East Germany, West Germany, and Their Mezzogiorno Problem: A Parable for European Economic Integration
AbstractEconomic and monetary reunification in Germany has proved to be more expensive than previously thought--and not jus t for the Germans. If a "Mezzogiorno problem" of continuing fiscal transfers to the East, and possible migration flows westwards, are t o be avoided, then there has to be convergence in productivity levels. This paper analyzes possible convergence paths, and the policy regim es which accelerate convergence. The intention is to illustrate the (albeit less extreme) problems facing a European monetary union of asymmetric and incompletely converged economies. Working from first principles, or with the aid of an econometric model, shows that convergence sufficient to avoid a Mezzogiorno problem is likely to b e slow: perhaps 30-40 years in the German case, despite very fast grow th in the East. Second, it is not clear that the process is incentive compatible: a very substantial part of the servicing and subsidizing costs have to be paid by other (non-German) economies in the union, without any obvious compensating benefits. Third, to reduce the need for continuing transfers actually requires a policy which promotes price and wage flexibility in the depressed region. That appears to run counter to the current market integration within Europe. Such "unpleasant arithmetic" is an important contribution to the monetary union debate because without it, the smooth running of a union of incompletely converged economies will certainly be compromised. Copyright 1993 by Royal Economic Society.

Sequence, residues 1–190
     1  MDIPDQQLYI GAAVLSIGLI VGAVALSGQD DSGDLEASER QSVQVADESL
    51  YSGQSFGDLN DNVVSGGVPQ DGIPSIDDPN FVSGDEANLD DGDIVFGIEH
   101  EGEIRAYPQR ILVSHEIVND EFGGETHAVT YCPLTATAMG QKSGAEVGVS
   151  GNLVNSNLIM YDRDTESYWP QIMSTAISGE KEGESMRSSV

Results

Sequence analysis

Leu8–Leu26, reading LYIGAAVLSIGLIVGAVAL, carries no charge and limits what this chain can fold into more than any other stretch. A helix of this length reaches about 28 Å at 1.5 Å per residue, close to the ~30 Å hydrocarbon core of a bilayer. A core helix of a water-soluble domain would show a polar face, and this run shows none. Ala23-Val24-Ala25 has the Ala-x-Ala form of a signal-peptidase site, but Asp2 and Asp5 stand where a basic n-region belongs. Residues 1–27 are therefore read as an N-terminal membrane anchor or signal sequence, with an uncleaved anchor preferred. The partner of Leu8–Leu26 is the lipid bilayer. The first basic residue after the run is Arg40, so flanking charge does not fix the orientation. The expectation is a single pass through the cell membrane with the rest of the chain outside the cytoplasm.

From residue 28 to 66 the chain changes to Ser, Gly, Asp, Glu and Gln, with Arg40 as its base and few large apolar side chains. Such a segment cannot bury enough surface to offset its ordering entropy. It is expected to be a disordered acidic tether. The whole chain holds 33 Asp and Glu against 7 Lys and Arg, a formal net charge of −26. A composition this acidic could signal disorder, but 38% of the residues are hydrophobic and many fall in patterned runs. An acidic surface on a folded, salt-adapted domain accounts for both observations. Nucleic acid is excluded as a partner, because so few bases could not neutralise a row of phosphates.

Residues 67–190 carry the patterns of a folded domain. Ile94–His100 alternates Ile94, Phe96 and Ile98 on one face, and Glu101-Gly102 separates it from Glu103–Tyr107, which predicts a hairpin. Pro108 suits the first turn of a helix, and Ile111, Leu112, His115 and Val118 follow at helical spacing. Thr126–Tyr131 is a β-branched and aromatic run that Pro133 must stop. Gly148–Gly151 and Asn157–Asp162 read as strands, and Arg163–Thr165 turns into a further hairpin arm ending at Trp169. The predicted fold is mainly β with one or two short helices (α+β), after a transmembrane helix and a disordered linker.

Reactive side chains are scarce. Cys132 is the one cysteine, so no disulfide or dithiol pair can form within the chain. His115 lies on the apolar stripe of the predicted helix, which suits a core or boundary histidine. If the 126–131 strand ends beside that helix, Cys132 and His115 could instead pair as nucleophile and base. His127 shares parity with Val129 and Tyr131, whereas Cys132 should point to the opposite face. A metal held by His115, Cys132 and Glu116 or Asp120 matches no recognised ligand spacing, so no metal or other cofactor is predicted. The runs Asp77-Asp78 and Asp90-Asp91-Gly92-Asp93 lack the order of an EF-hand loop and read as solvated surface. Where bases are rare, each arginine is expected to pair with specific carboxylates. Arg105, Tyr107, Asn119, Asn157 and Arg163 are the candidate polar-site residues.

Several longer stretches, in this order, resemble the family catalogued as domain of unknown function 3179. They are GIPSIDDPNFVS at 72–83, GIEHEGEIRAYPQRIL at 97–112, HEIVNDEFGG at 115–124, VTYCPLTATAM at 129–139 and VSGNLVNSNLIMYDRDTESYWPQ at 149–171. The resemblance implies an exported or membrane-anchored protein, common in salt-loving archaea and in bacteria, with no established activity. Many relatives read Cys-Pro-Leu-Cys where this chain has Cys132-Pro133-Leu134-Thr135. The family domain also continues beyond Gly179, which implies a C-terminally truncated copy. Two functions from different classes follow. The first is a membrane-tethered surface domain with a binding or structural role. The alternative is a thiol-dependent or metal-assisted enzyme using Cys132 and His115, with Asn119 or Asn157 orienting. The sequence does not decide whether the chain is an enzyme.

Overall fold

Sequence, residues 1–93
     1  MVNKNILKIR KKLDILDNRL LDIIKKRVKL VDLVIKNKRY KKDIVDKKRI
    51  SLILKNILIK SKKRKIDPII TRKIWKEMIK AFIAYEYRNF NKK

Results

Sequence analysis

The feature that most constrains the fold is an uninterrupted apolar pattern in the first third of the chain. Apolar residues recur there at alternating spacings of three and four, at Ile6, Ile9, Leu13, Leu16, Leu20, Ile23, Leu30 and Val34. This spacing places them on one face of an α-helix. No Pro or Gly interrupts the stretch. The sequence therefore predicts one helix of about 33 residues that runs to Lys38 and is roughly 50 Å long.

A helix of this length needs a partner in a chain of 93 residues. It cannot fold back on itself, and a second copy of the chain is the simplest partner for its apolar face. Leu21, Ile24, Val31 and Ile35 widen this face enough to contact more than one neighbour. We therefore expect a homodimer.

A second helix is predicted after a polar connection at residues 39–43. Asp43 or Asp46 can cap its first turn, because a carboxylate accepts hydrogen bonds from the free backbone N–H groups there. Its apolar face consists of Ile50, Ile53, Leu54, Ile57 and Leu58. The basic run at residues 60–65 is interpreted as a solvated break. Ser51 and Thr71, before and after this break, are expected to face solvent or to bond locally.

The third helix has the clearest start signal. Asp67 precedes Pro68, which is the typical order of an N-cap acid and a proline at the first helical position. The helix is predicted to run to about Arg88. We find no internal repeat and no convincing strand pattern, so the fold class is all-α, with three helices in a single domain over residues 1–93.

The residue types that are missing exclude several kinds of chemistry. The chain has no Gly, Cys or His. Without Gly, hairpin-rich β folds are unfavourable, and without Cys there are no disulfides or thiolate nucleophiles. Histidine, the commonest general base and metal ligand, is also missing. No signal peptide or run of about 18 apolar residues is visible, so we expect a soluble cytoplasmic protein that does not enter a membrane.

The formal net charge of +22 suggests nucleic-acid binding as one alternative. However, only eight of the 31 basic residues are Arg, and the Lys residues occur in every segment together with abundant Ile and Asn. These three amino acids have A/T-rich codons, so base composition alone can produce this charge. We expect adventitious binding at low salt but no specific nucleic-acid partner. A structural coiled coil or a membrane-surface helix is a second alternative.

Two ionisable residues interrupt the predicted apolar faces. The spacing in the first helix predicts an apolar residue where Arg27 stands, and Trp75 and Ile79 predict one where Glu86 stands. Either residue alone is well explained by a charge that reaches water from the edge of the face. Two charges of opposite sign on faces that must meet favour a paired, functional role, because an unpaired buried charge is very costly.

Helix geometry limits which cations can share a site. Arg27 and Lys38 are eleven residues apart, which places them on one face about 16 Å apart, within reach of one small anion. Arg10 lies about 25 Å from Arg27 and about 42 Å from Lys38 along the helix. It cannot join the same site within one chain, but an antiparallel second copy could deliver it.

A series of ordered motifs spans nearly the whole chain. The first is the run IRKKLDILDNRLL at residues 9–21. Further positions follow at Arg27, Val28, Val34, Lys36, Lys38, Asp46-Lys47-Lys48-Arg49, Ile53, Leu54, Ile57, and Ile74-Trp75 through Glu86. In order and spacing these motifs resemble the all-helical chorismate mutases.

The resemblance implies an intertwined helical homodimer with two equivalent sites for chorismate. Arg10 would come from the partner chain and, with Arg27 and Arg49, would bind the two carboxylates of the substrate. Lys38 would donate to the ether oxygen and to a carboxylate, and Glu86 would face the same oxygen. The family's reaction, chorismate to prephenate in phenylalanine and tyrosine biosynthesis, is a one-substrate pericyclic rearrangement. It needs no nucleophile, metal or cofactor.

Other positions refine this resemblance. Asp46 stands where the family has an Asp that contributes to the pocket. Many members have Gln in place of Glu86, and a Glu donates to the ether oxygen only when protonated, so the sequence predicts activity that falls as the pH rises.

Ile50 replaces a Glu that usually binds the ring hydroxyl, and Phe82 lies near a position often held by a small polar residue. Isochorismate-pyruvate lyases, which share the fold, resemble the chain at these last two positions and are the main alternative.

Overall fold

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Bibliographic InfoArticle provided by Royal Economic Society in its journal The Economic Journal.
Volume (Year): 103 (1993)
Issue (Month): 417 (March)
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